I get slightly depressed when I hear there is a "British Women only" coffee morning organised somewhere in CT. What would happen if a non-Brit came? Would they all self-combust? Would their morning be a write-off because one person attending hadn't watched Bagpuss as a child?

By "allowing" other people in, they could share their  love of their country and their culture with others and, hey, go crazy, maybe learn something about the place in which they live. Think of it as helping with international relations.

When my husband and I lived in New Zealand, we were made to feel extremely welcome by everyone around us. The New Zealanders have a well-deserved reputation for friendliness. We weren't there for all that long but through our local friends we saw and experienced things that no expat or guidebook would have led us to.

Contrast that with someone I used to know. To look at his "CV" of travel and places he'd lived, you'd imagine he'd be the most well informed person on the planet. He's been to so many places for so long, you'd think you could safely make him foreign secretary and he'd solve all the world's ills. When he lived in Auckland, no Kiwi accent could be heard anywhere near him unless it was serving him coffee. Of course, he ticked all the boxes from the Lonely Planet's "Must Do's in Auckland" section and had photos to prove it. This gentleman has visited a significant portion of the world, in exactly same fashion. He has beautiful photos of things most people will never be lucky enough see.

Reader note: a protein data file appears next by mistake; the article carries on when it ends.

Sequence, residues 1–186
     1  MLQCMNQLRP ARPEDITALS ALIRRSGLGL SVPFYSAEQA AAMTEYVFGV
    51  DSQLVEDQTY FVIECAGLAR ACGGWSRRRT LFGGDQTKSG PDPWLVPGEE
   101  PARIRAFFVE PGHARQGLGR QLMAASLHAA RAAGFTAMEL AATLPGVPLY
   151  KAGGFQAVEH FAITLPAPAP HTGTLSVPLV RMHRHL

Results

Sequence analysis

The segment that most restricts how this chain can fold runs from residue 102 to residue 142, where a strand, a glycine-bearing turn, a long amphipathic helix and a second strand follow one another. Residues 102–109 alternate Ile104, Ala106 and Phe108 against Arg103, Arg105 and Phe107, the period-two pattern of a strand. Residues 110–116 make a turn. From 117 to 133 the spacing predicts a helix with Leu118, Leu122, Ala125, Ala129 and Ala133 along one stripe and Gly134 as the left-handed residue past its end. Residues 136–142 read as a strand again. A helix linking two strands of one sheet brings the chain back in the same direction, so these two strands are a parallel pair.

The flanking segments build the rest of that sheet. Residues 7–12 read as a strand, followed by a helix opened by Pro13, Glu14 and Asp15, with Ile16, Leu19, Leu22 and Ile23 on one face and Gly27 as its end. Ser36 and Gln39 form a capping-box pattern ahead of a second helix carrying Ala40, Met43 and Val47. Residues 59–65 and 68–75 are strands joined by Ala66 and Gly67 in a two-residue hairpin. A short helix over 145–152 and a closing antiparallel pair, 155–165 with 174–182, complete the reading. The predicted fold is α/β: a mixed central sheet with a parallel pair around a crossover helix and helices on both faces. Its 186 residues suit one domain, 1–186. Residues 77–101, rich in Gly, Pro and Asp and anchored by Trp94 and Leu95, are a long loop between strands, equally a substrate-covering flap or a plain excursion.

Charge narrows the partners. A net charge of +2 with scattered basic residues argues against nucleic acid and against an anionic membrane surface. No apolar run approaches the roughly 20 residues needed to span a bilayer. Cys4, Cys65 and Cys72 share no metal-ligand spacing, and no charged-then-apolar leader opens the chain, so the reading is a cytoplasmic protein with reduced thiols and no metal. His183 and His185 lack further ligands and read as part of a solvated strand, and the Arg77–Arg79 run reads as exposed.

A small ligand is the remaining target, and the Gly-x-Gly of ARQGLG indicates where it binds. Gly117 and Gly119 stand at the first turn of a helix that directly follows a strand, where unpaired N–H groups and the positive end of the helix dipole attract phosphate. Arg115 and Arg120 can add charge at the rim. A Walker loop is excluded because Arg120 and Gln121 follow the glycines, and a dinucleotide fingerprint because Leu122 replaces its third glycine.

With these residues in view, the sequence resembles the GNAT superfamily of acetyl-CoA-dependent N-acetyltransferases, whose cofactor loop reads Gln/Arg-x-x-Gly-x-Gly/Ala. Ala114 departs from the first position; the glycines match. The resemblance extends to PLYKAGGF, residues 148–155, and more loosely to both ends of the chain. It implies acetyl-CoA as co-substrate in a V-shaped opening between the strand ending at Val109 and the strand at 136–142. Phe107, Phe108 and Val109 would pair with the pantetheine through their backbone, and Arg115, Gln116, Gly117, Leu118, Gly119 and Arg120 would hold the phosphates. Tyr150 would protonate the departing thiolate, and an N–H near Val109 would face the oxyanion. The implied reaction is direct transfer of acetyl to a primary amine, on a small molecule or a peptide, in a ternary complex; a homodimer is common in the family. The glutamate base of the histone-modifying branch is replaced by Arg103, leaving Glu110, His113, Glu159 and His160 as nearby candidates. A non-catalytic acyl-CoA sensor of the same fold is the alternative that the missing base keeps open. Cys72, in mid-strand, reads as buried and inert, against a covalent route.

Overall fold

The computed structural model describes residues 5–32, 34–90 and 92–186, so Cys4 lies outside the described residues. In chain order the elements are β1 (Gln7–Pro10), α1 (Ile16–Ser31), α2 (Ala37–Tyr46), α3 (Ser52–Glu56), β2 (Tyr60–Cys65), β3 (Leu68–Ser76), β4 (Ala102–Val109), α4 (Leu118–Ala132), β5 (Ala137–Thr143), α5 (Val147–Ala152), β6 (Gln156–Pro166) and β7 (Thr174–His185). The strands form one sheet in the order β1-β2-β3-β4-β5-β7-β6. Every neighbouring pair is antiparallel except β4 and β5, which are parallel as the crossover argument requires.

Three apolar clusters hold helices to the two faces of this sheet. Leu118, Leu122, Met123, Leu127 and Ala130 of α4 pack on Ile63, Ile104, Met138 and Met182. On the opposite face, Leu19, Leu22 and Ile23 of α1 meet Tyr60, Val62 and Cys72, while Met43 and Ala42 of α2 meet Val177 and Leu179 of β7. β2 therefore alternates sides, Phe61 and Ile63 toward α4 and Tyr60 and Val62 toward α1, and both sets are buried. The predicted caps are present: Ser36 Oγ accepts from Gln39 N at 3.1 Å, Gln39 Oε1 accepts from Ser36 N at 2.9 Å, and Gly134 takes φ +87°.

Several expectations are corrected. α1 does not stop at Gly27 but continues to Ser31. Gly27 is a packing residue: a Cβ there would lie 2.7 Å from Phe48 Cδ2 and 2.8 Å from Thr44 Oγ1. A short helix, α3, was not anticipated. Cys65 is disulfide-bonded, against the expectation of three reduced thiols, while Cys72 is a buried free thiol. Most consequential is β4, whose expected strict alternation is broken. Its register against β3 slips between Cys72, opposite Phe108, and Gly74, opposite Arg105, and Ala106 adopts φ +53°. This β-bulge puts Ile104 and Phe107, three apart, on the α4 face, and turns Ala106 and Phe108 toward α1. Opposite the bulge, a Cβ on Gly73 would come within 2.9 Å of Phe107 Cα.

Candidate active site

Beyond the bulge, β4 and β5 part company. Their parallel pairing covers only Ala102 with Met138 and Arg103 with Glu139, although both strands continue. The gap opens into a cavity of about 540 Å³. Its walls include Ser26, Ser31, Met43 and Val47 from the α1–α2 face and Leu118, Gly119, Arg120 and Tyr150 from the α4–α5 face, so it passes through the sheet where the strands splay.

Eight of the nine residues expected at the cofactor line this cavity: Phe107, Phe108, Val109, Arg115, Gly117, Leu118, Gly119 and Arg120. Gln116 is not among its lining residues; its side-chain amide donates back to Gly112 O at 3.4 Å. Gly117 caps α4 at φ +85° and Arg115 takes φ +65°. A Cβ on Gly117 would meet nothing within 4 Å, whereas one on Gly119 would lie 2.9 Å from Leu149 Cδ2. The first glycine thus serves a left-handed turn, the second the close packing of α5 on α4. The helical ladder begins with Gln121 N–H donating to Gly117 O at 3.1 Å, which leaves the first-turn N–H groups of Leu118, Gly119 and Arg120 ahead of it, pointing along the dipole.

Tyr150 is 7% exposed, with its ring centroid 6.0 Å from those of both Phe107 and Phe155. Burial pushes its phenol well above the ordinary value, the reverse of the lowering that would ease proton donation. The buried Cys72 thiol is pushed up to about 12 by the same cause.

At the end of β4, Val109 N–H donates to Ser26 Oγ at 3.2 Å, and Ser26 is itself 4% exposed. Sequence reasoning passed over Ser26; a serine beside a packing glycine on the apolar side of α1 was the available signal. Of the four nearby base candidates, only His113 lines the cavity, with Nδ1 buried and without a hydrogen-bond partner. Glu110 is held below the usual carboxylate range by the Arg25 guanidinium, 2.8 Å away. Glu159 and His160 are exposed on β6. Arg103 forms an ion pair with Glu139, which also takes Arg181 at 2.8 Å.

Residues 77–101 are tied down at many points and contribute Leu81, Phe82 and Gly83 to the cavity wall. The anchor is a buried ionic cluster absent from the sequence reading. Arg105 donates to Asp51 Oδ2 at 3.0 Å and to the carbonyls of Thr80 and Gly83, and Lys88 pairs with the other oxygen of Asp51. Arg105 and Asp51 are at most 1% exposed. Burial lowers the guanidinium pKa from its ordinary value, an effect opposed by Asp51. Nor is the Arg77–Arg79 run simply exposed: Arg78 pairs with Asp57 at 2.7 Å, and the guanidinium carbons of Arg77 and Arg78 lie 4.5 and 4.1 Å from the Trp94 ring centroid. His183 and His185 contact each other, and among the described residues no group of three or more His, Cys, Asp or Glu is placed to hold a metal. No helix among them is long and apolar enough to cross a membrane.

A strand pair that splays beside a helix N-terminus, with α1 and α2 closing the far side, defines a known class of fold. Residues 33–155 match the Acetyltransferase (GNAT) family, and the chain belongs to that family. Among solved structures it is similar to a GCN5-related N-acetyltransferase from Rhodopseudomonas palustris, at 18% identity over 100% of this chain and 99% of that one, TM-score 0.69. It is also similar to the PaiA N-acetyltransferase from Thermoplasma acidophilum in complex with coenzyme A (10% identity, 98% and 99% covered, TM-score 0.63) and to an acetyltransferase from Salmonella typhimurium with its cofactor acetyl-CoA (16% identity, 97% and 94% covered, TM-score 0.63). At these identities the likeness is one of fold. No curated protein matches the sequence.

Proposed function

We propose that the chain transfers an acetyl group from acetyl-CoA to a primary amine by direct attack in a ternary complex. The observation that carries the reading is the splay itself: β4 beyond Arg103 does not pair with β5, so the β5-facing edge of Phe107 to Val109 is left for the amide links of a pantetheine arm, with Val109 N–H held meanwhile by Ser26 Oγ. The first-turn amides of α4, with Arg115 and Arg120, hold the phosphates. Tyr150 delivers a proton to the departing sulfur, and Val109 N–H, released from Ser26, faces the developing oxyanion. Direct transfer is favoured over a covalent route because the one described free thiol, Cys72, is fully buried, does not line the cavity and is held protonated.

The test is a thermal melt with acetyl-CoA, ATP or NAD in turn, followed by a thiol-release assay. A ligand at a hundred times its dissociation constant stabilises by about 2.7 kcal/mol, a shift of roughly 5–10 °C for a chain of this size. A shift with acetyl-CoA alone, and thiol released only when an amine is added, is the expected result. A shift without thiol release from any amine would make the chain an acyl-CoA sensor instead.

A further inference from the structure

I always felt, that it would have been cheaper for him and more environmentally sound had he just stayed in London and bought the guidebooks. He'd still have seen pictures and, arguably, had the same experience. For him, travelling and living in different places was the equivalent of notches of the bedpost. There was no attempt at a relationship  or understanding with anywhere that he went.

I know there are places where the expat scene is an invaluable necessity, a sanity finder. Anywhere where you don't speak the language for instance or where the culture is very different. For instance, I imagine living in the UAE as a Brit, say,  it must be essential to be plugged into other expats.

But I do wish that people would try a little harder, rather than cutting themselves off fully from where they are living- they might be surprised at what they find  past the Expat Curtain.

For Brits moving to Cape Town, there is no language barrier- English is one the official languages. You'd think that would be an incentive enough to "integrate" more. But no, for some there is no reason to emerge from behind the Expat Curtain.

Cape Town, and South Africa generally, has a lot to offer those who move here. For a lot of people the main attraction is moving here is the climate, scenery and lifestyle.  But for a value added experience, try enjoying it all with some Cape Tonians.

It's really quite lekker.

1 comment:

  1. Hi, I LOVE your blog! I'm due to move to CT with my hubby in the new year from London and look forward to it after reading your blog. The beach lessons will be invaluable - I also read 'how to spot an expat' to my hubby who is origional lay from CT and he was laughing at the bare feet observation. :) thank you for opening my eyes to what CT has to offer instead of reading about all of the negatives online :) sarah